The Modern PTQ season is in full swing, and so far the format looks like a brewer’s paradise. Sure, there are the old standbys of Jund, Zoo, Storm, Affinity, and Splinter Twin that we’ve seen before, but the results over the first month of events have included a huge variety of successful strategies, with new ones popping up seemingly every week. Following the first season’s Magic Online Championship Series event this weekend and Grand Prix Lincoln just after Pro Tour Honolulu featuring Modern, even the pros have good reasons to work on the format—we’re sure to see some serious exploration from big names in the not-too-distant future.
There’s already a lot of brewing going on, however. All of the Magic Online PTQs have been won by different decks, and with the exception of Splinter Twin, none of those decks were on the list of archetypes that one might have expected to put up such a finish at the start of the season. Sure, we’ve seen a lot of Jund, Storm, and company in the Top 8 results, but the format has been anything but dominated by the so-called “top decks” and appears to be completely wide open—as long as you have a powerful proactive strategy and prepare for the proper metagame. You should probably do something else that starts with a “p,” too.
Let’s take a look at some of the interesting and successful PTQ decks to see what we can learn from them. What do they tell us about how to win in the format, and how can we prepare for opponents who decide to try to emulate their success?
This deck won the first online PTQ, showcasing the power of aggression in a format in flux. In the early weeks of the format, I’m sure that many players stuck to the known quantity of Zoo despite the loss of Wild Nacatl. Well, Zoo’s painful mana base makes it shockingly vulnerable to opposing aggressive decks, especially those packing a lot of burn. Petr Brozek first made a splash with Boros in Extended about two years ago, showing that Steppe Lynx and friends can translate to higher-powered formats, and Searing Blaze kills Kird Ape and Loam Lion just as dead now as they did to Wild Nacatl then.
This deck has declined a bit in popularity since its initial explosion after the PTQ win, due (I’m sure) in no small part to the rise in Kitchen Finks to combat it and similar decks, but it’s still the sort of deck that you need to be prepared for if you’re looking to win a PTQ. Cards like Finks and Obstinate Baloth are a good start, but you can’t just throw four Finks into your deck and assume they’re going to solve all of your problems against aggressive decks. Be wary of your mana base—Conley Woods is not the only person who has killed himself with fetchland damage. Having enough basics to fetch helps protect you against not only Blood Moon, but also death by manabase.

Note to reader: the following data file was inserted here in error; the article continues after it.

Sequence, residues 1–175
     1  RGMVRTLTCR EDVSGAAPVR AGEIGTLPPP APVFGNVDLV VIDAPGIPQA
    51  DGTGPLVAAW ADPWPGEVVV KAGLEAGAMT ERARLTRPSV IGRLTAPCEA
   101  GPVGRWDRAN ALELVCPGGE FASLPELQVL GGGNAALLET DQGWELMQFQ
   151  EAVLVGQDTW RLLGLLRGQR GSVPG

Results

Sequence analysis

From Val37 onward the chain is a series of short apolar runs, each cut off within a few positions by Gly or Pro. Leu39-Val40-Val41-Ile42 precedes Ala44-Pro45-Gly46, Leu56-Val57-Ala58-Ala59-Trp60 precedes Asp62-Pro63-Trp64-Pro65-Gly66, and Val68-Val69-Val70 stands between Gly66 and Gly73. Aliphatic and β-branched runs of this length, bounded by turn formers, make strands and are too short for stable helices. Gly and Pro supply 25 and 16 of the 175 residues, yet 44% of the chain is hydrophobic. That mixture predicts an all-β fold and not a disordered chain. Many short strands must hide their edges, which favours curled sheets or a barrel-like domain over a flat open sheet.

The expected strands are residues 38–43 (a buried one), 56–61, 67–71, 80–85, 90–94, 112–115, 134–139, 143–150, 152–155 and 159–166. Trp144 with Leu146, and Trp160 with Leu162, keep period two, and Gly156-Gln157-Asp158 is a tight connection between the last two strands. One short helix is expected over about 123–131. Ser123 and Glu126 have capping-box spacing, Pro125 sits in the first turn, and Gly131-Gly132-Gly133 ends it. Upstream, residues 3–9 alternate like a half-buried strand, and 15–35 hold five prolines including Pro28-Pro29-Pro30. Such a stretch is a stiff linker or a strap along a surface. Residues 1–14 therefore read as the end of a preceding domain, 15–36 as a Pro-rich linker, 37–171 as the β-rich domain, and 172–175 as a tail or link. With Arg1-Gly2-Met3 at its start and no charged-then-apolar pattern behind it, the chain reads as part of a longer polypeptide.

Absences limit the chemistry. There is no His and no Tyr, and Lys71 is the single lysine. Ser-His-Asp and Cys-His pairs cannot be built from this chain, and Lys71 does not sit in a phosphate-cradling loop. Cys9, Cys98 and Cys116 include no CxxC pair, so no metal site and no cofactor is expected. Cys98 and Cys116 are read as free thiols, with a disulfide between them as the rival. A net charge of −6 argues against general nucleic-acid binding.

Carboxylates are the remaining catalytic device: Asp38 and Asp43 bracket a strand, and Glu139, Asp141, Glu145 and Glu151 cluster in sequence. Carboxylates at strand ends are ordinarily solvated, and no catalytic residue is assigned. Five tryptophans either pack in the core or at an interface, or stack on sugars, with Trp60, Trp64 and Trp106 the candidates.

Bitterblossom may be banned, but that’s not enough to stop the Fae menace. Instant creatures backed by countermagic are a powerful setup, with Vendilion Clique and Spellstutter Sprite especially potent at dismantling decks like Storm and Splinter Twin that rely on piecing together and protecting a specific combo. Spell Snare, Mana Leak, and Remand give the deck efficient forms of early game interaction against any kind of threat, while Cryptic Command does the heavy lifting later in the game.
This deck’s real power card, though, is neither a Faerie nor a counterspell. The real reason to play this deck is Vedalken Shackles. Shackles can absolutely dominate games against any kind of creature-based strategy that can’t easily remove it. With eighteen Islands in the deck, Shackles can steal even Tarmogoyfs and the occasional Knight of the Reliquary, which makes Delvers and the like easy prey.
Those same eighteen Islands give the deck the luxury of a pain-free manabase, a big plus in a world with so many aggressive decks running around. Those extra points of life can give you a full extra turn or more against many beatdown decks, which can translate into enough time to get Cryptic Command or Shackles online to turn the game around.
Those same Islands that provide the backbone for so much of the deck’s strength, though, are also my favorite weakness to exploit. Did you know that Choke is legal? Go ahead, look—it’s in Eighth Edition. I didn’t believe it either when someone told me at first, because it hadn’t even been on my radar for Pro Tour Philadelphia or Worlds, but now that blue decks are making their presence known, it’s an important little card to keep in mind. Sneaking a Choke under this deck’s countermagic virtually assures victory if you aren’t already way behind.